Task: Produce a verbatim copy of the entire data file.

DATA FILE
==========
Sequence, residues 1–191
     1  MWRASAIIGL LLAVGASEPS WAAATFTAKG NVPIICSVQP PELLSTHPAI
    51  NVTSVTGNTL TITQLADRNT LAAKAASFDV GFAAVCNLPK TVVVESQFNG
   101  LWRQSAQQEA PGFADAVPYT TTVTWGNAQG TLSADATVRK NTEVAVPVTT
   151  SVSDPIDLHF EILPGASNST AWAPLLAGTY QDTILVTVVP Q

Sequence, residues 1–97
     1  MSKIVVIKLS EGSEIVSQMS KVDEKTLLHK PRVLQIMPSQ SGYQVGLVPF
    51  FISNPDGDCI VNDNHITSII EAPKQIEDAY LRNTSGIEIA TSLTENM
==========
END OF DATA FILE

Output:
Sequence, residues 1–191
     1  MWRASAIIGL LLAVGASEPS WAAATFTAKG NVPIICSVQP PELLSTHPAI
    51  NVTSVTGNTL TITQLADRNT LAAKAASFDV GFAAVCNLPK TVVVESQFNG
   101  LWRQSAQQEA PGFADAVPYT TTVTWGNAQG TLSADATVRK NTEVAVPVTT
   151  SVSDPIDLHF EILPGASNST AWAPLLAGTY QDTILVTVVP Q

Sequence, residues 1–97
     1  MSKIVVIKLS EGSEIVSQMS KVDEKTLLHK PRVLQIMPSQ SGYQVGLVPF
    51  FISNPDGDCI VNDNHITSII EAPKQIEDAY LRNTSGIEIA TSLTENM